On a frigid morning in Radom, Poland, German soldiers forced twenty-one-year-old Icek “Joe” Rubinsztejn onto a crowded, open-air truck. The next day, several around him were dead. From there, things got worse for young Joe—much worse.
FORT COLLINS, CO, April 29, 2020 /24-7PressRelease/ — Joe arrived at Auschwitz on April 30, 1942, and was imprisoned there for over two years before being taken to several other notorious camps, including Buchenwald, Ohrdruf, and Theresienstadt. Throughout his ordeal, surprising and remarkable events occurred to save his life.
Barefooted when he was seized, Joe would become one of New York’s leading shoe designers for legendary companies Herbert Levine, Inc., Nina Shoe, and others. Beth Levine called Joe, “The Man with the Golden Hands.” Joe designed some of the most expensive and sought-after shoes in the world; shoes that lined the display cases of Neiman Marcus, Saks Fifth Avenue, and Lord & Taylor. Shoes designed by Herbert Levine, Inc. were worn by first ladies and movie stars alike. While the Nazis took everything else, they were unable to take Joe’s love of life and his love of people.
On September 16, 2020, Joe will celebrate his 100th birthday at his home in Colorado. Just after the war, Joe met Irene in Duisburg-Hamborn, Germany. This fall, that Jewish man and his Catholic wife, will celebrate 73 years of marriage.
When Joe was taken from his family, he had no idea he would never again see anyone he knew or loved. His widowed mother and four siblings, including Joe’s identical twin, were killed at the Treblinka death camp. Despite losing nearly everything a person could lose, Joe continues to live a joy-filled life.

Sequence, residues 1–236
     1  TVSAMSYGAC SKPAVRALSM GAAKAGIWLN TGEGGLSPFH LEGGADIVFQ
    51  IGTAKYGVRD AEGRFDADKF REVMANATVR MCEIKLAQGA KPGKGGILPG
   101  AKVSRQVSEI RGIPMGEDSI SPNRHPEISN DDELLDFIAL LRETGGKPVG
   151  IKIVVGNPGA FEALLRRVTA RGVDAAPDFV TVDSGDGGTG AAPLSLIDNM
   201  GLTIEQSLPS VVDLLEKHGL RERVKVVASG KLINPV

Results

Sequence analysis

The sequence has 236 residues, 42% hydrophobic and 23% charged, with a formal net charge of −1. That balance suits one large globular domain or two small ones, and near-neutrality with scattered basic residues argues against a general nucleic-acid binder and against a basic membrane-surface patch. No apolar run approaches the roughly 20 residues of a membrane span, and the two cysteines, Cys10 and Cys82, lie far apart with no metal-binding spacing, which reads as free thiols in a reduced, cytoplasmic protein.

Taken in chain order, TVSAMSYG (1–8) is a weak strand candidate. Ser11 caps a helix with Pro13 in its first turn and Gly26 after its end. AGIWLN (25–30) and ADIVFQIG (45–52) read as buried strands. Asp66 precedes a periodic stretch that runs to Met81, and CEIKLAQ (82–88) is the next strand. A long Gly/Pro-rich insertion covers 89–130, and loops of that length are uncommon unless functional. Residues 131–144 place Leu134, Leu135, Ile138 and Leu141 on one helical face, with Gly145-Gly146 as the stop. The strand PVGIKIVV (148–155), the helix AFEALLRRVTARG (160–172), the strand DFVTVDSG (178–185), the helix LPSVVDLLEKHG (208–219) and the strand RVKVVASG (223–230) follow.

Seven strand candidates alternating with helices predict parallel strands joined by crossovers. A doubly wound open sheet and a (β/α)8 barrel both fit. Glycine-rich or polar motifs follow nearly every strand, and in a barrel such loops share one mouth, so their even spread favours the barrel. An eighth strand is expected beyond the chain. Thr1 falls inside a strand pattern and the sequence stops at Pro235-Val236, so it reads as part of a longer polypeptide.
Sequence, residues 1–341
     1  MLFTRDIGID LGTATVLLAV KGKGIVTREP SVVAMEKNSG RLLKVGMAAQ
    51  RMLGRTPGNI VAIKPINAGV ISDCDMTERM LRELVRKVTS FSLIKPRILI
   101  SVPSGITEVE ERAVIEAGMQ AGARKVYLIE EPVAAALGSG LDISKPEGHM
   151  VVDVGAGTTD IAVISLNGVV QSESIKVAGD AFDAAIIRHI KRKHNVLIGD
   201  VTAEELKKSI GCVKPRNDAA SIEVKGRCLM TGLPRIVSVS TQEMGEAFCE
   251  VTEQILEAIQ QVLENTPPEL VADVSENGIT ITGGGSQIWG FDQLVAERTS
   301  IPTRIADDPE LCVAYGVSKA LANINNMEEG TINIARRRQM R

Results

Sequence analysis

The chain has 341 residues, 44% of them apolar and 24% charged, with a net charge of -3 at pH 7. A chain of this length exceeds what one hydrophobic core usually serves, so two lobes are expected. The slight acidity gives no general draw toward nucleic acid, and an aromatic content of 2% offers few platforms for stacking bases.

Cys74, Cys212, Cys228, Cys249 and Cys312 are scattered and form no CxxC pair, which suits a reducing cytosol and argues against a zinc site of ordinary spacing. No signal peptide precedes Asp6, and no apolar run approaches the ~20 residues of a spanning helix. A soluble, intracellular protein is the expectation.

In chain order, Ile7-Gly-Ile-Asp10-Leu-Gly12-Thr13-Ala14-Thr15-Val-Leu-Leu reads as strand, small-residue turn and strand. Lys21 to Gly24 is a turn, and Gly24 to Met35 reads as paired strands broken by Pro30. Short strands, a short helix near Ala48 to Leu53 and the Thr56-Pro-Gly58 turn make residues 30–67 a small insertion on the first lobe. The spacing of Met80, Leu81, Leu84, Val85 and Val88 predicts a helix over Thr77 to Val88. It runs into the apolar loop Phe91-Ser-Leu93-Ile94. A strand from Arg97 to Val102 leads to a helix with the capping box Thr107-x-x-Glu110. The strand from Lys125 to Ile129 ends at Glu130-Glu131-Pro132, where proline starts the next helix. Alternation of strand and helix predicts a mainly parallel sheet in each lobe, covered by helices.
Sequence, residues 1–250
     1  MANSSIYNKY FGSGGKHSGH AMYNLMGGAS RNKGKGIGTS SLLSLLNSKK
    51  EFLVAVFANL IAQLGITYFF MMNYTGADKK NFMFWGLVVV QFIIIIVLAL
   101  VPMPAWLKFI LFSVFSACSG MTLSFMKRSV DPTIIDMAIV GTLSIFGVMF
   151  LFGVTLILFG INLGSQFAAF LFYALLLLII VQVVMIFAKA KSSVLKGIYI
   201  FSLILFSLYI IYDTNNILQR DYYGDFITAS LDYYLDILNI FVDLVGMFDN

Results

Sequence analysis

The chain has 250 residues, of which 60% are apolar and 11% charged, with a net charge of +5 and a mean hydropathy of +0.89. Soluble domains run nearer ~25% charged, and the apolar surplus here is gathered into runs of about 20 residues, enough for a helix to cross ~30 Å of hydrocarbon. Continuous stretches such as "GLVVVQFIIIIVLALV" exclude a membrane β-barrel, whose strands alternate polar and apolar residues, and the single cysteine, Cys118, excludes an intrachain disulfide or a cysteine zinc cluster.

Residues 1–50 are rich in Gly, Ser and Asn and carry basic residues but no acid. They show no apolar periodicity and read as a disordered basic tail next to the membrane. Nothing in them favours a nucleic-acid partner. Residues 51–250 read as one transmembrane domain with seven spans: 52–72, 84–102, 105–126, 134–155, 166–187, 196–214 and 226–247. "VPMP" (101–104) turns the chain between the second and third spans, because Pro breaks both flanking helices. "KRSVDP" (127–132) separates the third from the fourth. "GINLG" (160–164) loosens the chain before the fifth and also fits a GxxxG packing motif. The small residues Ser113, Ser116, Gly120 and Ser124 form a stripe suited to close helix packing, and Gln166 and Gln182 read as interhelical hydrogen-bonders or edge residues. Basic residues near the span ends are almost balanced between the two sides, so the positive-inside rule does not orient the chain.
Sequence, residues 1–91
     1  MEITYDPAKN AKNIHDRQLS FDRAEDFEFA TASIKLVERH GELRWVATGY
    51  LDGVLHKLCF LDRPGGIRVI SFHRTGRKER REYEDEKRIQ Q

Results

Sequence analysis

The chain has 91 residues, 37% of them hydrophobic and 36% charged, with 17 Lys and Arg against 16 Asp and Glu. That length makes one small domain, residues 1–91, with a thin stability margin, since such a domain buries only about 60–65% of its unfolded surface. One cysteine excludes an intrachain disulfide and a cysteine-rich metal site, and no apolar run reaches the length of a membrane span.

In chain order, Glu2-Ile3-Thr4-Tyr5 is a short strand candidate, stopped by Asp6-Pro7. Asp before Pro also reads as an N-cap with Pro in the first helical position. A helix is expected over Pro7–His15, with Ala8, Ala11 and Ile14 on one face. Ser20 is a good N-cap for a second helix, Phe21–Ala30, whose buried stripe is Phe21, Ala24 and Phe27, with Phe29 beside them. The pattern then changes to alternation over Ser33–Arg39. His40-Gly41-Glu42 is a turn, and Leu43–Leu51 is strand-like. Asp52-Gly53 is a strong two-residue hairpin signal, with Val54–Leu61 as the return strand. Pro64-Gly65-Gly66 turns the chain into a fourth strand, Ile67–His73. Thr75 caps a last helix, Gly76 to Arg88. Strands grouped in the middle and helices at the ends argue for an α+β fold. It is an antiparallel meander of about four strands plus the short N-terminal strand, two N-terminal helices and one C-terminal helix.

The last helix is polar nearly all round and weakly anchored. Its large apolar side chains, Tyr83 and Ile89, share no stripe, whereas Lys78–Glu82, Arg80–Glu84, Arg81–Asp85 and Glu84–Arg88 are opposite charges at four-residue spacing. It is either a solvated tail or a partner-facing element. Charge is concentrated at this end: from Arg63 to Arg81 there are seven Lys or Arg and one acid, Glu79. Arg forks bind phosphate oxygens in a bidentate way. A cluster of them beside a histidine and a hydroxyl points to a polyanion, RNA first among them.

Joe told his biographer, Nancy Sprowell Geise, during the two years she interviewed him for the book about his life, Auschwitz #34207 – The Joe Rubinstein Story, that he would give his life for one photo of his family. After the award-winning book was released in 2015, three photos of Joe’s family were found. Nancy said she had never seen human emotion as the day Joe saw the faces of his beloved family, faces he had not seen since 1942. Joe said through his tears that it was the greatest gift of his life.
Author Nancy Sprowell Geise has been asked to share Joe’s story around the world, including the U.S. Library of Congress and the U.S. Holocaust Memorial Museum in Washington, D.C., at the 75th Commemoration of the Liquidation of the Ghettos in Joe’s hometown of Radom, Poland, and with the staff and guides at the Auschwitz Memorial and Museum in Oświęcim, Poland.
For over 70 years, Joe never told anyone his story because he did not believe anything good could come from doing so. Now, Joe receives letters from readers around the world, writing to say that after hearing his remarkable story, they realize they, too, can overcome their hardships. Joe’s story of hope has never been more important to the world than now. It’s a story of discovering light in the darkest of places – inspiration for us all.
Nancy Sprowell Geise is an award-winning author and speaker.
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